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09.13.20 Four Faiths in the Parable of Jonah Sermon Summary

by on September 15, 2020

The parable we know as the book of Jonah is among the best known stories for its raging sea storm, giant man-swallowing fish, and eleventh-hour repentance unto salvation among the people of Nineveh. It ends with the prophet Jonah sitting east of the city still hoping God will smite the Ninevites. Along the way four examples of faith emerge to instruct the people of God.


When Jonah fled the presence of God’s Word by boarding a ship to Tarshish, the LORD caused a mighty storm to stop him. After several attempts to save themselves, including even prayer to the God of Jonah, the mariners on the ship listened to Jonah’s advice and threw him overboard. “And the sea ceased from its raging. Then the men feared the LORD even more, and they offered a sacrifice to the LORD and made vows.” 

The mariner’s faith was motivated by fear, relief, and awe. Their relationship with God was not all that they were created for, but at least they did have something. They show that even after all our futile attempts to save ourselves have failed, they can lead us to a kind of faith or faithful action. 


After Jonah proclaimed destruction in the town of Nineveh and the king of the city heard it, all of Nineveh performed acts of repentance. They fasted, wore sackcloth, and sat on ashes. All these are ritual accompaniments to prayer. Even the animals were subject to these prayerful acts, and perhaps this is why the parable makes a point to spare even the animals in the end. 

The Ninevites’ faith shares with the mariners’ faith an element of fear and destruction. The difference is the Ninevites received God’s Word and responded to it. They did not wait for their situation to get worse. They heard of God’s holiness and resolved to walk in it. 


Twice Jonah recites doctrinal formulae that prove he was listening during Sabbath School. As a good Hebrew he worshiped, “The LORD, the God of heaven, who made the sea and the dry land.” And he had learned that God is, “a gracious God and merciful, slow to anger, and abounding in steadfast love, and ready to relent from punishing.”

But Jonah’s faith did not pass from his head and his mouth to his heart. His faith was not transformative. It did not change him from what he was, which is judgmental, vengeful, and resentful. He prays that God would take his life for, “it is better for me to die than to live.” And the parable ends with Jonah stubbornly refusing to participate in the joy of God’s salvation.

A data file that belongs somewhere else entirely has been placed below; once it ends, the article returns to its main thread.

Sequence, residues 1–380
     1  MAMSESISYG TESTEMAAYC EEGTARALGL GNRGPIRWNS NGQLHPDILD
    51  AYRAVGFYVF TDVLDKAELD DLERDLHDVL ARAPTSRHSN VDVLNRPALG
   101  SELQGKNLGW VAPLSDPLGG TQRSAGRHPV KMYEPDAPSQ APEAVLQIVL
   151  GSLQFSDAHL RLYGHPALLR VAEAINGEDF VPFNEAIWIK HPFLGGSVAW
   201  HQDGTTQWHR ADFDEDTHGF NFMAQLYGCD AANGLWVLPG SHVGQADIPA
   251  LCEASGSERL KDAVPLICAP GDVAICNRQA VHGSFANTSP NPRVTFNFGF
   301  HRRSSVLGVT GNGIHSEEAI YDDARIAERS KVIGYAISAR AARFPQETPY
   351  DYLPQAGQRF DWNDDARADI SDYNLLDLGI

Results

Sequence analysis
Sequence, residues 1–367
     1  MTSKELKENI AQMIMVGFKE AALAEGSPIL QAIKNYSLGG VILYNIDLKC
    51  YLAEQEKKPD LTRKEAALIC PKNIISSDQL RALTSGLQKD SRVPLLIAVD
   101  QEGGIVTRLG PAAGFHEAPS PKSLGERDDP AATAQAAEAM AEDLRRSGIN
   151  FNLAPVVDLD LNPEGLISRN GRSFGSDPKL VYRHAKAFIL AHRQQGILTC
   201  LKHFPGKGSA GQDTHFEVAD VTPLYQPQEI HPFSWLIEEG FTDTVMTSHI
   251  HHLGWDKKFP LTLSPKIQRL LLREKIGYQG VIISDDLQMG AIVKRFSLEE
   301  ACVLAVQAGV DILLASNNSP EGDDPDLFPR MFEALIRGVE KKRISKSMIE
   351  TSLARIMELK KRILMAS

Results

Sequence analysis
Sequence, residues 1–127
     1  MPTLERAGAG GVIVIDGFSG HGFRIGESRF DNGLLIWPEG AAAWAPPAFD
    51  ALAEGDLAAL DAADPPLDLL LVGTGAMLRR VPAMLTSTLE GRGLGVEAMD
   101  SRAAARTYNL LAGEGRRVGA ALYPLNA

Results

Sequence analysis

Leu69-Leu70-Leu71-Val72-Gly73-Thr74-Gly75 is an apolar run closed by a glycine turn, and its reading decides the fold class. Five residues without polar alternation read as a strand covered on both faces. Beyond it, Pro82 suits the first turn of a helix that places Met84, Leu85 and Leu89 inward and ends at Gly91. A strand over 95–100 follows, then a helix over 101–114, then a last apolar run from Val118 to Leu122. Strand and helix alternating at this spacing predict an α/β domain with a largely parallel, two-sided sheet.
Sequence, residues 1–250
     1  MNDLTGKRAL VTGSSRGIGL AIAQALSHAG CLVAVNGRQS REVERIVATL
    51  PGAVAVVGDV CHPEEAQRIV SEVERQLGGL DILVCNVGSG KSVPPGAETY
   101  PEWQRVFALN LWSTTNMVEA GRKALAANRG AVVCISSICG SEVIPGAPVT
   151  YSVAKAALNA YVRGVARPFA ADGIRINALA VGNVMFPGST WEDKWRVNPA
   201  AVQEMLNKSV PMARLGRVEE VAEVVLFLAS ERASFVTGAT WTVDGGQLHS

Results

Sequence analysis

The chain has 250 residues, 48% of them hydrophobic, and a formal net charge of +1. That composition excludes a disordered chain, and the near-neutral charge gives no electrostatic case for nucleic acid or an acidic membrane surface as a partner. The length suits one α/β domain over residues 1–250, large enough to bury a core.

Finally we come to the place with which we began, the psalm that is Jonah chapter 2. Scholars debate whether it is a later addition to the parable, and I believe it is. The psalm is a song of thanksgiving for deliverance that has already happened. The text says that Jonah “prayed” using a word that only ever elsewhere means “a plea for help not yet rendered.” The psalm does not sound like the Jonah of the rest of the book, especially the bitter man at the end. 

I imagine the psalm existing independently from the parable, but bringing the parable to mind because the images and metaphors of the psalm align so well with the events of Jonah’s flight. (See also Psalm 18:1-16.) I think the later editor gave us a tip to hear this as an insertion by telling us Jonah prayed “from the belly of the fish,” using not the same word for “belly” as in the original, but a synonym. 

And one of the reasons a later editor inserted the psalm is because it exemplifies the kind of faith God wants us to have—not just a fearful faith like the mariners, not merely an obedient faith like the Ninevites, and not just a doctrinally true faith like Jonah’s. God wants us to have a faith characterized by thanksgiving for the deliverance God has brought about in our lives: “I with the voice of thanksgiving will sacrifice to you; what I have vowed I will pay. Deliverance belongs to the LORD!” (See also Psalm 116:1-19.)


The parable of Jonah calls the people of God to a gracious, forgiving, and inclusive faith, a faith based on love and gratitude towards God and a desire to see all people delivered. Whatever our faith may be like today, whether more like the mariners’ or more like Jonah’s, may God come to find in us a faith like that in the author of the psalm. Amen.

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